The cancer-causing effects that radon has on your lungs increases with prolonged exposure. The EPA believes that radon exposure at any level carries some risks, and a number of other activities, such as smoking, can speed up a radon-related death. Current or past smokers who are exposed to prolonged high levels of radon greatly increase their risk of developing lung cancer. However, even if you have acceptable levels of radon in your home, quitting smoking now will reduce your chances of getting lung cancer. Additionally, the more time you spend in the house, especially on the lowest three floors, the greater the effect the radon has on your lungs.

How does it get into our home?

As uranium in soil, rocks and water breaks down, the invisible radon gas seeps up through the ground. When it reaches the floor of your house, it can enter through any number of paths including cracks in solid floors, cracks in walls, gaps around service pipes, and water supply lines.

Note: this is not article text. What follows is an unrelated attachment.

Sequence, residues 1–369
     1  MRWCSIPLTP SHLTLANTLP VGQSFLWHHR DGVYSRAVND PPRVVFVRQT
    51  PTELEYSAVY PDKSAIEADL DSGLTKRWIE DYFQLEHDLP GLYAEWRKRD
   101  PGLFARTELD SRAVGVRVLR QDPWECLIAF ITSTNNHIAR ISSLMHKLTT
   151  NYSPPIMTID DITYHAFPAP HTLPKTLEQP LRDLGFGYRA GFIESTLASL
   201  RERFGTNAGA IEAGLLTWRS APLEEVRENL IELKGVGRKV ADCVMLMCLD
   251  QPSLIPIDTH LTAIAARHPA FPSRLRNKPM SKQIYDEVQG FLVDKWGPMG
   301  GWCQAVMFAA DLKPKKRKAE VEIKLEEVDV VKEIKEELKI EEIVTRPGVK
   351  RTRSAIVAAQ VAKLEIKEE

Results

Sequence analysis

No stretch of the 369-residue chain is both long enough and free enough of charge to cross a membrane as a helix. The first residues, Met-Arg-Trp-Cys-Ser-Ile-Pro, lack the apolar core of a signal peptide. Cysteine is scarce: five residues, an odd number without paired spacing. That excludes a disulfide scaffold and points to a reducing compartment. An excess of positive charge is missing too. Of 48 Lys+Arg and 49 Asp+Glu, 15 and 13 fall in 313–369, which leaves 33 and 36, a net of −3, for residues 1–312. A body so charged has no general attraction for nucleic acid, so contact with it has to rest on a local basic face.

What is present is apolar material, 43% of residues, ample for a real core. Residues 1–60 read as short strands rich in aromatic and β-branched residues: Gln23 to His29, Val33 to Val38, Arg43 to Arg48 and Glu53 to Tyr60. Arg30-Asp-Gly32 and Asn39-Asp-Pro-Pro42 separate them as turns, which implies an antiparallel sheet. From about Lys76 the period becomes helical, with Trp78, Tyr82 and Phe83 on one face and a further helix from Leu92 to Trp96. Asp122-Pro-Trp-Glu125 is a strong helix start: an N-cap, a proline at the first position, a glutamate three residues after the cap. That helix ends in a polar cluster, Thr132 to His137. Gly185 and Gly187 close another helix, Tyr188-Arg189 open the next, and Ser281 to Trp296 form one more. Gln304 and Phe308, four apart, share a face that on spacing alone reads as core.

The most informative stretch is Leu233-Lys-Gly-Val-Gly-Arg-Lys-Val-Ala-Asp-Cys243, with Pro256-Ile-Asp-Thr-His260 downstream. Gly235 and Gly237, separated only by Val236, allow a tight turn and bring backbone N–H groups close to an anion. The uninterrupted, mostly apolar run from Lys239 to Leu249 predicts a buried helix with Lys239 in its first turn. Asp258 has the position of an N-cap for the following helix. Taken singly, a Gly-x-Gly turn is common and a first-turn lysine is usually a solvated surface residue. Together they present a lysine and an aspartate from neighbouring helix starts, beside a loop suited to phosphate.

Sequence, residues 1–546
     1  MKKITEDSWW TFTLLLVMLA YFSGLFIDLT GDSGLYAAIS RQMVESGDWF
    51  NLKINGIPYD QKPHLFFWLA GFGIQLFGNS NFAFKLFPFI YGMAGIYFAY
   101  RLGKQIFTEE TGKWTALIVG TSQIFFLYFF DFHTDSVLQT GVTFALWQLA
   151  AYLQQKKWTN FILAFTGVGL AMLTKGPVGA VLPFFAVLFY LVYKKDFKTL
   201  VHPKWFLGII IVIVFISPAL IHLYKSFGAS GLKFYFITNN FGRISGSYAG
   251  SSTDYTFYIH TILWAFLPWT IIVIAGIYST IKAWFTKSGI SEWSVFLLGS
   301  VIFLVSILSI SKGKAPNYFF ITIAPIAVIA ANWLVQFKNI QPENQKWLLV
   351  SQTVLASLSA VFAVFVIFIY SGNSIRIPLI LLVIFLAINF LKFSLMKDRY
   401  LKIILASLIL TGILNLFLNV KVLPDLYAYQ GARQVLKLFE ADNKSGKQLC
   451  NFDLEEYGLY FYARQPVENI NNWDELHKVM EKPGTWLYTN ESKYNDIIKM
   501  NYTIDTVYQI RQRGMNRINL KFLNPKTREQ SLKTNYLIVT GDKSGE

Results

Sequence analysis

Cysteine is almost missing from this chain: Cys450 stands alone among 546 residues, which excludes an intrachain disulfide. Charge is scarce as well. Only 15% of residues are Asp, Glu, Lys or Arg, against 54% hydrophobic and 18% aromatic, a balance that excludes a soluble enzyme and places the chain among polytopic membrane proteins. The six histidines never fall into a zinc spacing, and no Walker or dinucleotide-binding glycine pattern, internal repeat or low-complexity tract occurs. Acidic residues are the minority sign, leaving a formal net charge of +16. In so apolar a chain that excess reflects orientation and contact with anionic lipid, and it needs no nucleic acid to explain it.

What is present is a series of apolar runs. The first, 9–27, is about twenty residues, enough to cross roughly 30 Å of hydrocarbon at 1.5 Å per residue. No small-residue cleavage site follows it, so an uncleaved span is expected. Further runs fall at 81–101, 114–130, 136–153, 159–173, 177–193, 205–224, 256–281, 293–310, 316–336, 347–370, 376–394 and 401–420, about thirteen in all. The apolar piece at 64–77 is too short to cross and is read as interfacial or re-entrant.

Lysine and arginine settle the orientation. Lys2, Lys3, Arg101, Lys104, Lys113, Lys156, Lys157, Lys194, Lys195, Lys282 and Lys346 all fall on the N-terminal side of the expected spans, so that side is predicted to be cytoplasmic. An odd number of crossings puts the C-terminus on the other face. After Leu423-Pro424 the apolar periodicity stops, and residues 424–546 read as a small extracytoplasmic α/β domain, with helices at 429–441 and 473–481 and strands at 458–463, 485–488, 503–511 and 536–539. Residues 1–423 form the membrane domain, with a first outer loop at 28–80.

How do I know if I'm in danger?

Nearly 1 out of every 15 homes in the U.S. is estimated to have elevated radon levels, and elevated levels have been found in homes in every state. The level of radon gas currently present in your house and the danger that it poses to your family is based on a number of factors, some of which are: 

  • The soil and rock makeup directly below your house
  • The soil and rock makeup in your region of the world
  • The amount of time that you spend in your house, specifically on the first three floors
  • The structure and condition of your house's foundation and pipes
  • The airflow through your house
  • The season of the year